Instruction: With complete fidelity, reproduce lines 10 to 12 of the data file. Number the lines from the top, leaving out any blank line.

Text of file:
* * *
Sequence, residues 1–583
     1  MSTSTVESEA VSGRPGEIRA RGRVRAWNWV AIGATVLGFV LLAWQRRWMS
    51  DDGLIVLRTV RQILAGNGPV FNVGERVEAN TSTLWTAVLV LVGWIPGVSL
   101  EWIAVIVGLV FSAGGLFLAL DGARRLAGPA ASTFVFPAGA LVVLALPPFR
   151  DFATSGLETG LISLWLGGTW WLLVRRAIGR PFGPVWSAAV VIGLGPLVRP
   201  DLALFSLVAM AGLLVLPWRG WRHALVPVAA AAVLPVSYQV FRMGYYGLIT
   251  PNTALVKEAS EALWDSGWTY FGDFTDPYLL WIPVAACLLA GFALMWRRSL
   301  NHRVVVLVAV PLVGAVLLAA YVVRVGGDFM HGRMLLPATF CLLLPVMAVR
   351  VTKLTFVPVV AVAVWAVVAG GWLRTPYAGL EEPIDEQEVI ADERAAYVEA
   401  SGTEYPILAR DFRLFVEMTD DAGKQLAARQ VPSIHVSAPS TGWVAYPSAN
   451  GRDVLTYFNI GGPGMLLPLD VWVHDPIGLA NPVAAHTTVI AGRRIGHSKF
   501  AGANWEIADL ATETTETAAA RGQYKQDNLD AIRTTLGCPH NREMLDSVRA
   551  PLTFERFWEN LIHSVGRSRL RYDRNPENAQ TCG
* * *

   401  SGTEYPILAR DFRLFVEMTD DAGKQLAARQ VPSIHVSAPS TGWVAYPSAN
   451  GRDVLTYFNI GGPGMLLPLD VWVHDPIGLA NPVAAHTTVI AGRRIGHSKF
   501  AGANWEIADL ATETTETAAA RGQYKQDNLD AIRTTLGCPH NREMLDSVRA